Gen 35-37; Psalm 12; Mark 14

Should I let my child fall or always run to prevent disaster?

As a parent, one of the desires of my heart was to prevent any type of pain or injury to my girls. I mean, why wouldn’t I? Isn’t that my role as a parent? After all, what possible good could there be from allowing them to feel any hurt? I was their father… my job was to protect them. After many years of ‘protecting them’, I’ve learned that by shielding them from those challenges that could have strengthened them, I’ve actually disabled them from being able to deal with some life issues in the event I was no longer there to assist them, which will happen one day! Don’t get me wrong… I’m not saying I should have deliberately jeopardized their safety, not running every time they fell down may have had some long-term positive effects.

When I read through Mark 14, it shook me on many levels. Not only did the reading show how Peter reacted to both weakness and fear, but if Peter, who I considered to be one of the greatest of the disciples, could be led to deny our Lord and Savior at such pivotal moments, what chance did I have at surviving the test of faith in my life?

Peter’s denial, as can be said for our denial of who Jesus is, is based partially on weakness born on human frailty. The events related to what happened in the Garden of Gethsemane found Peter falling asleep twice even after Jesus asked him to stay awake and pray because He knew what challenges Peter would be up against later in life. By the time the soldiers came to arrest Jesus, it was too late to pray for the strength to endure the ordeal that had just occurred. As a result, we see Peter weeping bitterly at the awareness of his failure of being forever watchful… so much so that in 1 Peter 5:8, Peter exhorts us to “Be on the alert, for your adversary, the devil, prowls around like a roaring lion, seeking someone to devour.” Peter realized that his weakness caused him to be devoured at the critical time when he denied his Lord by not being prepared for his challenges through prayer and underestimating his weaknesses.

Peter also suffered from fear. While commendable, Peter continued to follow Jesus after our Savior’s arrest after the others fled (Mark 14:50), but Peter always kept his distance so he wasn’t identified or associated with Jesus (Mark 14:54). I can imagine the fear that gripped Peter… after all, witnessing Jesus being falsely accused, beaten, and insulted (Mark 14:57-66), he had to have feared for his own life. Not being prepared to deal with the persecution Jesus was suffering caused Peter to deny Jesus.

But could Jesus have stopped Peter from falling so hard to prevent Peter from denying his Lord three times that night? Jesus being Who He was, of course, He could have. In Luke 22:31, Jesus had revealed to Peter that the devil had asked for permission to “sift Peter like wheat.” Jesus could have prevented this from happening, but instead, chose to allow Peter to go through what he did as He had greater plans for Peter. And just as it was stated in Psalm 12:7-8, “You, Lord, will keep the needy safe and will protect us forever from the wicked”, through Peter’s adversity, Jesus was preparing Peter to strengthen his brothers… to serve as the leader of the early church in Jerusalem and leading others to find and follow Jesus (Acts 2).  Just as Jesus allowed Peter to go through what he did to shape him into the man He needed him to be, sometimes the best lesson we can offer our children is to allow them to fail, for it is in failures that some of the most valuable lessons are learned.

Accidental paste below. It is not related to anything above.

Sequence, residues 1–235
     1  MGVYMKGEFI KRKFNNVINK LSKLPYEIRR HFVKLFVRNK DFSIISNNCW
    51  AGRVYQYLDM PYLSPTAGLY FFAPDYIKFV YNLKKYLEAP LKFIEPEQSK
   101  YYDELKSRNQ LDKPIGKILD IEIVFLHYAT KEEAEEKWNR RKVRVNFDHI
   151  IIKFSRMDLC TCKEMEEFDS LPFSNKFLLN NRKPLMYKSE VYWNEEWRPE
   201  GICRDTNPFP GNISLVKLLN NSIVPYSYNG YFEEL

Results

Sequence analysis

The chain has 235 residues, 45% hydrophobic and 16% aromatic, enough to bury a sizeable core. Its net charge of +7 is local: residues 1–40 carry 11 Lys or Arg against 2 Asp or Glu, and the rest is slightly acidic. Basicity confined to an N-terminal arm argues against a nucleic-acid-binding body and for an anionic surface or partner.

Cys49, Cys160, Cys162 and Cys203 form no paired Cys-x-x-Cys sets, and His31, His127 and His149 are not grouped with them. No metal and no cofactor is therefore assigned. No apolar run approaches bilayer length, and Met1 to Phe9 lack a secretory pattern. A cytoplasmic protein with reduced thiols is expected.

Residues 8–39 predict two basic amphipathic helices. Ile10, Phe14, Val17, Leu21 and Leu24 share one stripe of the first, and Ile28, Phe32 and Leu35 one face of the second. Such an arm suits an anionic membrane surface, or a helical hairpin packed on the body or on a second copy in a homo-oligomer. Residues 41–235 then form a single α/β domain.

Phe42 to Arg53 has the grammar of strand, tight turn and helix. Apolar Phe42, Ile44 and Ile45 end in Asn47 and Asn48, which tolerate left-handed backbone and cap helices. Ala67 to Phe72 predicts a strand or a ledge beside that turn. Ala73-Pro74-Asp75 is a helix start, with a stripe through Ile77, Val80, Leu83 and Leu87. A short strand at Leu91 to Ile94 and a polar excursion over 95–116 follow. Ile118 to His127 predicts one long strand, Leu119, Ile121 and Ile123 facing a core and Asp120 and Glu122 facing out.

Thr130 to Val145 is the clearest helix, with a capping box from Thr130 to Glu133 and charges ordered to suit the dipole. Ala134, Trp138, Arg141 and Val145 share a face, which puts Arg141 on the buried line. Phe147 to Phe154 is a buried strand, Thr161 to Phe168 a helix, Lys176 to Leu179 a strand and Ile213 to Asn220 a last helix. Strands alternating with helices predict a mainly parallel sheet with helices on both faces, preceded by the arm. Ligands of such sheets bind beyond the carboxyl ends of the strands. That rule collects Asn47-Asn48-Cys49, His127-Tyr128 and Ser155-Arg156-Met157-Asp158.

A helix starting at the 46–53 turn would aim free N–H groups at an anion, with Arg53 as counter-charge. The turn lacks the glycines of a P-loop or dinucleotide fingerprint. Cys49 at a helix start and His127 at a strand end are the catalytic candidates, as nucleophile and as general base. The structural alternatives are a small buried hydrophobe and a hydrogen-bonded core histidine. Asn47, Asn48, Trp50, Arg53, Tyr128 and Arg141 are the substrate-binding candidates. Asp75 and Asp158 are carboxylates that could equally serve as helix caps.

Lord Jesus, You have great plans for us and Your ways are best, even when we go through adversity, you work all things for good for those who know and love you. Thank You for loving us as You do, for without You, we are nothing! We ask You, Father, to guide us on this road of life with Your sweet grace so our actions are pleasing to You and we do what you want us to do when You call our name. Amen.

gstefanelli (Greg Stefanelli)

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1 Comment

Filed under 66 Books, Bible in a year reading plan

One response to “Gen 35-37; Psalm 12; Mark 14

  1. Sometimes I can relate to Peter, skulking in the courtyard, hiding through his denials, but unable to leave the sight of Jesus. Confusion and shock at the turn of events. Thankfully, our Lord doesn’t let us go, though He may allow us to sit with our grief and questions. His eye remains on us who He loves to see us through these times when even our faith is tested. There is no other who loves us like this. Peter knew and Jesus reminded Him after His resurrection by restoring Peter with three repeated questions – Do you love me?

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